“There was always a delicate balance to strike in marrying our values, rooted in our beginnings as a volunteer-led organisation, with profitability that was needed to sustain and reinvest in the business, all while delivering ground-breaking creative work that served our community with an organisational structure that works.”

Interviews with readers conducted across media outlets communicate immense gratitude for gal-dem’s work and hope for the continued empowerment of marginalised voices. Others in the industry, such as Pat Younge, former BBC Creative Director, also remarked on how gal-dem “punched enormous holes in many glass ceilings and then helped others through to bigger and better things.”

The next generation: who will fill the gap left by gal-dem?

Photo by: Peckham Festival

It feels difficult to envision another publication filling the huge gap gal-dem have left in the world of independent media. Featuring over 350 contributors, gal-dem was a powerhouse for UK journalism, creating groundbreaking content and offering underrepresented writers the chance to share stories from their homeland and across the diaspora. From discussing dating struggles and representation in TV shows, to activism and intergenerational trauma, gal-dem were instrumental in destigmatising and breaking barriers around these important conversations.

Speaking to Madhu Manivannan, a former member of the team here at The Publishing Post who are dedicated to spotlighting the BIPOC community, and gal-dem contributor, she said: “In such a difficult time for media, it’s possible that there may never be an outlet that will fill in the gap left by gal-dem. However, for its short but significant run, I think gal-dem made young women and non-binary people of colour feel that their voice matters and that if there wasn’t a seat at the table, making a new table is preferable to toning themselves and their beliefs down. So, I think gal-dem’s legacy will fill the gap it leaves behind.”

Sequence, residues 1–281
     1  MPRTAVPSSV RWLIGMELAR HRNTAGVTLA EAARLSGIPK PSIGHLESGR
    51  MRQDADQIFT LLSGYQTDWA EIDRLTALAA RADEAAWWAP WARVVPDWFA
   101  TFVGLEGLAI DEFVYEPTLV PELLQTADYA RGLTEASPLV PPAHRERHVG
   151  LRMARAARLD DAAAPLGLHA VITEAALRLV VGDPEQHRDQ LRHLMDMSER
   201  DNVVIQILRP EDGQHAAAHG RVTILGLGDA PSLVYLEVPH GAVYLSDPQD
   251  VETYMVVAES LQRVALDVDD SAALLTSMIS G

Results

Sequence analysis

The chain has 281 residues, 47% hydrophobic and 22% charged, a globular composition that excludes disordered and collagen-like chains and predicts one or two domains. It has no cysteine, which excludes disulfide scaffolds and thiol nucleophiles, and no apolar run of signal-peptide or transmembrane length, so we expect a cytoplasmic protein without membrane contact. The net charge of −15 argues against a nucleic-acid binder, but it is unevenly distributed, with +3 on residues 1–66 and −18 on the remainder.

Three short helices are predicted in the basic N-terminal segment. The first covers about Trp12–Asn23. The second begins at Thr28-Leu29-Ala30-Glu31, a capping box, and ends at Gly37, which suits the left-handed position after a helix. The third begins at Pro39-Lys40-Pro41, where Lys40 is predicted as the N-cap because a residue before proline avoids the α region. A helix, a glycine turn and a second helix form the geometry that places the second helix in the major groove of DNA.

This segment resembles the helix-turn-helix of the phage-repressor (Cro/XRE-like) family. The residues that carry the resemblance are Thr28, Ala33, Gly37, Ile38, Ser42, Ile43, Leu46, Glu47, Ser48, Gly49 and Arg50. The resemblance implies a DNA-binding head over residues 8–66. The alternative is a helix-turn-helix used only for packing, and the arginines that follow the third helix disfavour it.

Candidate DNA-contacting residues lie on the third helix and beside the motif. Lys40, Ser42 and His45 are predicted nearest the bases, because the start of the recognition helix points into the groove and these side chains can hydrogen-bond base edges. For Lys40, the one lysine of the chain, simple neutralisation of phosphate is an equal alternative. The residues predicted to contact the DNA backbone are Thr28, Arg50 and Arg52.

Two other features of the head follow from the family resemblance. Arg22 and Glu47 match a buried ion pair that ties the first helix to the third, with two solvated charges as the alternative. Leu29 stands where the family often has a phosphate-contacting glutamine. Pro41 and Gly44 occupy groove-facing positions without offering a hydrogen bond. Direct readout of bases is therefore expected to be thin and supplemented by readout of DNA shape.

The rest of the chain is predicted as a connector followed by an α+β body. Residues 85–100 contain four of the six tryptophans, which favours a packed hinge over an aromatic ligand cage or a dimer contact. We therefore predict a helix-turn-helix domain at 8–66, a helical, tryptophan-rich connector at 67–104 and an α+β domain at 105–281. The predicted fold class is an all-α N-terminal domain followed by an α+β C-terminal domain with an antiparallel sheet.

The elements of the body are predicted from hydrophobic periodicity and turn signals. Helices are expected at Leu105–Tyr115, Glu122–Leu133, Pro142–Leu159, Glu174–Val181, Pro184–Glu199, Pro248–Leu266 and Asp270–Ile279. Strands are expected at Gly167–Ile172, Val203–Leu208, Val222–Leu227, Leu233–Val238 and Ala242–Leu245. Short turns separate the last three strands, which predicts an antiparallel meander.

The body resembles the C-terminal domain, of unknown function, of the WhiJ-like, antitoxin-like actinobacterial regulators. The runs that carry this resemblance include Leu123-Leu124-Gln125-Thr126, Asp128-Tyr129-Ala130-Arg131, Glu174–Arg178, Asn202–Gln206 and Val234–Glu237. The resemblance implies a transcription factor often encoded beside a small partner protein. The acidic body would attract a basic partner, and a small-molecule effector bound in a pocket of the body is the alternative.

We also spoke to Nadira Begum about gal-dem’s legacy, who said: “Right now, I think it’s quite difficult to predict how the gap left behind by gal-dem will be filled. It seems as though our current media climate is slowly crumbling, leaving most independent media behind, and making journalism more inaccessible than it’s ever been. It’s a harsh reality to face, but the optimist in me wants to believe that there is a platform out there willing to continue the mission of uplifting marginalised voices that gal-dem began. I think it’s up to us to continue championing each other and cultivating safe spaces for non-white women and non-binary people of colour to share their perspectives and harness their creativity.”

Following their closure, gal-dem shared seventeen independent UK-based media organisations to support, such as Aurelia, Black Ballad and labaatan. Some other independent publications to check out include Bad Form Review, and bigblackbooks, which was founded by former team member and Editorial Assistant at PRH, Jane Link.

gal-dem’s Legacy

Though there may never be another platform quite like gal-dem, it is vital that we champion and uplift other independent media who share gal-dem’s values of inclusivity and community.

We are endlessly grateful to gal-dem for their incredible work over the past eight years and wish all of their contributors the success they deserve. Whilst it is upsetting to watch another independent publication close down, gal-dem are leaving behind a legacy that reshaped the face of UK media. gal-dem’s closure is a reminder to support independent media, share our voices and create spaces for our stories to survive.